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Bed Wetting

Bedwetting (nocturnal enuresis) means a child passes urine in the night when they are asleep. Bedwetting is common. About 1 in 7 children aged five, and 1 in 20 children aged ten, are bedwetters. A child who has never been dry at night has 'primary nocturnal enuresis'. A child who has had dry nights, but then develops bedwetting has 'secondary nocturnal enuresis'. Bedwetting is twice as common in boys than girls.

In most children there is no specific cause. Factors that may contribute in some children include:

Small bladder capacity. Some children with bedwetting go to the toilet more often than average during the day. They tend not to be able to 'hold on', and have more 'overactive' bladders. This usually improves as the child gets older.

Hormone imbalance. Children with a bedwetting problem may not make as much hormone called ADH (antidiuretic hormone) at night as non-bedwetting children. This hormone reduces the amount of urine that you make. With less ADH, you tend to make more urine. This improves as the child gets older.

Bladder awareness at night. The child may also be less aware of a full bladder, and not wake up so easily to go to the toilet when their bladder is full. This tends to improve as the child gets older.

Genetic factors. Bedwetting often runs in families. About 1 in 7 children who are late in being dry have a parent, brother, or sister who also had this problem in childhood.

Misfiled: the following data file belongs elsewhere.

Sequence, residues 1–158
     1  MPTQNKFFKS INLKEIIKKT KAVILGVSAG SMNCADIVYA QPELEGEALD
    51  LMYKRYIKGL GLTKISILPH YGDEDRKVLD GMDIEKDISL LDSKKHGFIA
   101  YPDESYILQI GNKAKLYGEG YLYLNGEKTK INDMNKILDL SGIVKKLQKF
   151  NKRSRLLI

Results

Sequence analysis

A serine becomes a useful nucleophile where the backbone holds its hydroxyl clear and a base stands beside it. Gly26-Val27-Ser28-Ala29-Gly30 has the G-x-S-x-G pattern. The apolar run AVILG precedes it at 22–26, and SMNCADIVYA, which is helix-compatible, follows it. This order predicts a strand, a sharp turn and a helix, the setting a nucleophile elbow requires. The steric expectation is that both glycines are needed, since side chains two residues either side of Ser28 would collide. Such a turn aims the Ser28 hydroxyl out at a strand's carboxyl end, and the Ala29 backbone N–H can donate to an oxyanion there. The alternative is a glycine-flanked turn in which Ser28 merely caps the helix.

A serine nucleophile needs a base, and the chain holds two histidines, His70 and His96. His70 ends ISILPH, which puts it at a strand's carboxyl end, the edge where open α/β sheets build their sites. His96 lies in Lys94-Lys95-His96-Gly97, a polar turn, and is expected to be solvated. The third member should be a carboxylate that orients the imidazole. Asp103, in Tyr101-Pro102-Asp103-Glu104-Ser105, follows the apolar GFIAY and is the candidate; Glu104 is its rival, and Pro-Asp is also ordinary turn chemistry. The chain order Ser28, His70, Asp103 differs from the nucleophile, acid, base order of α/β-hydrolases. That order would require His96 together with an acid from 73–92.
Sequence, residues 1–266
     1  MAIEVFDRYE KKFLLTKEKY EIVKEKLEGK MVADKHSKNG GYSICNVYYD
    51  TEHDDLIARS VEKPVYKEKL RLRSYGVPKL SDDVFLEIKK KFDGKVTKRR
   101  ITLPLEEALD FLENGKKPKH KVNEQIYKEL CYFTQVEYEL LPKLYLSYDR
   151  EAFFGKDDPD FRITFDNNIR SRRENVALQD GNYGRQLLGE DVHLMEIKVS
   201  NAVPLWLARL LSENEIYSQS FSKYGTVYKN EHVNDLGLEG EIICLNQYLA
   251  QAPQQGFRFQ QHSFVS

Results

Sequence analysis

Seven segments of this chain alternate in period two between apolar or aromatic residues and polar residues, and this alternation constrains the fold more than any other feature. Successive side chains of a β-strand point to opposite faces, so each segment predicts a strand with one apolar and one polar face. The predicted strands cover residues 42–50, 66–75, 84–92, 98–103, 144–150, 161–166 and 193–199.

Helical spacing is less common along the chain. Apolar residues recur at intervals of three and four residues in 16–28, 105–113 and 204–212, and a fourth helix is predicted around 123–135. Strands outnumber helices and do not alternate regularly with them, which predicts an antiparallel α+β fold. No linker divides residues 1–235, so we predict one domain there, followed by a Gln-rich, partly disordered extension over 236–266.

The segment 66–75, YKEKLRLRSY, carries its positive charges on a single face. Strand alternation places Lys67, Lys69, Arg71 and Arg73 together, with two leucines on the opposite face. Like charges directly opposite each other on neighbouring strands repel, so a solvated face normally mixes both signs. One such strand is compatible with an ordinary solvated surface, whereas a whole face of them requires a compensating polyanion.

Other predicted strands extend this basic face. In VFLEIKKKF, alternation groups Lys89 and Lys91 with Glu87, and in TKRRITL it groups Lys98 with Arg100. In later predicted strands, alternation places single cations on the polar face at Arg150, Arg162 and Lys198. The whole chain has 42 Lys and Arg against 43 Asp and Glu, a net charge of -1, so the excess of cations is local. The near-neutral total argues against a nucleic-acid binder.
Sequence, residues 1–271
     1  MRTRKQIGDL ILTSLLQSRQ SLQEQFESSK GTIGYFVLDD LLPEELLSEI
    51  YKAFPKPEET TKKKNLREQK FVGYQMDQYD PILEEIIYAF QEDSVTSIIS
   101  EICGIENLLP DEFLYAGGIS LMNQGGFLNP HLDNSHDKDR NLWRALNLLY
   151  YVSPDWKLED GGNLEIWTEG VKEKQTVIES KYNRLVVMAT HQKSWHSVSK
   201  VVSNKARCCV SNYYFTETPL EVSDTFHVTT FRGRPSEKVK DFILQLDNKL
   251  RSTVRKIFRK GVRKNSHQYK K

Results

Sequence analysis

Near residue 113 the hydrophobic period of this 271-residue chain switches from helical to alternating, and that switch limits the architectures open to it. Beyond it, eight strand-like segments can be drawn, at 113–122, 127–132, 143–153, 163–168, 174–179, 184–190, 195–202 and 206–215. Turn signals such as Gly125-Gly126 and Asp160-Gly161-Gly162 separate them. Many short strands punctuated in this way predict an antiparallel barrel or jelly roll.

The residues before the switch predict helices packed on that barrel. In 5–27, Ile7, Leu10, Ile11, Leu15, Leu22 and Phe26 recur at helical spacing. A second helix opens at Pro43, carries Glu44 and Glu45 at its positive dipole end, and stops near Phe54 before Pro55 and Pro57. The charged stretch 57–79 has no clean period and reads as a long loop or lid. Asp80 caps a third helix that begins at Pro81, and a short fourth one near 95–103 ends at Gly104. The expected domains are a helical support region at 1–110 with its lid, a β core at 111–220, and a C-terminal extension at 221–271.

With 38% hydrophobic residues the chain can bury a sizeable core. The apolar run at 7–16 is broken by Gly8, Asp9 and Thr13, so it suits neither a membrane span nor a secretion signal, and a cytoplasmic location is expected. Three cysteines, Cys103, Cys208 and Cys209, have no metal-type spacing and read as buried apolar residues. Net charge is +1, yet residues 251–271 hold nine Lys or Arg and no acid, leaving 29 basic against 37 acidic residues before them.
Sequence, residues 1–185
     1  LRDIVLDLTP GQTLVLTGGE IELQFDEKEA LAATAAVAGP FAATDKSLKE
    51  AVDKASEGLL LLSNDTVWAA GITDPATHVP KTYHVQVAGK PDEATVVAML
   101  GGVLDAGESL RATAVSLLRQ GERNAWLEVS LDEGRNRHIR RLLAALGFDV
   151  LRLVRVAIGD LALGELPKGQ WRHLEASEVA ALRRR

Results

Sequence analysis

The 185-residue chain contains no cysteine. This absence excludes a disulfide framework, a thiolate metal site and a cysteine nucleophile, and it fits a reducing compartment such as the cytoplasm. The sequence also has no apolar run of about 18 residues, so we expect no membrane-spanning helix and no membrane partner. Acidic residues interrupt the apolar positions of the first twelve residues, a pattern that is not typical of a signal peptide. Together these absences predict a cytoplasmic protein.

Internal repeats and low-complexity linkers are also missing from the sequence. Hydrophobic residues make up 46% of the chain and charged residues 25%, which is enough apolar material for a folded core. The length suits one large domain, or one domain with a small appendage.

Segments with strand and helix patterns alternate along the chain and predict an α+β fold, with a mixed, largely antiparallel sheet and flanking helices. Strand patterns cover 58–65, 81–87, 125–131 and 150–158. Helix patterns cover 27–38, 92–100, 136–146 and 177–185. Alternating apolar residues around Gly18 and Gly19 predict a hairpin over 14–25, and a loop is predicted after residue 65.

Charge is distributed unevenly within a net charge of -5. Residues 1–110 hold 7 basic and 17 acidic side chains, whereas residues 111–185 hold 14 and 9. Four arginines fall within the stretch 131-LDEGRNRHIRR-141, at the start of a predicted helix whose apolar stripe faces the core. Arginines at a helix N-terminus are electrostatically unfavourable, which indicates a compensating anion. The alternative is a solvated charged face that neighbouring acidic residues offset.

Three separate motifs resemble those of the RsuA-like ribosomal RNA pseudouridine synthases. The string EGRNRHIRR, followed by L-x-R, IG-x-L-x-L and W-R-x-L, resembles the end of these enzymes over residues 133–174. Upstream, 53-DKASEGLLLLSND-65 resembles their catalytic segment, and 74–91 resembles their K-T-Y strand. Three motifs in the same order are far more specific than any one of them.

If trying without nappies fails at age three, try again a few months later. Treatments are not normally needed or advised for children under five. Keep trying every few months until successful. Disposable bed mats and bedtime pants are now available for age up to 7 from pharmacies.

Do not punish children for bedwetting. It is not their fault. If bedwetting appears after a period of dryness, it may reflect a hidden stress or fear (such as bullying at school, etc).

Reward your child if they achieve a goal. An agreed goal could be: going to the toilet before going to bed. A common example of a reward system is a star chart

In some cases your GP may prescribe medication, for example, Desmopressin for bedwetting.

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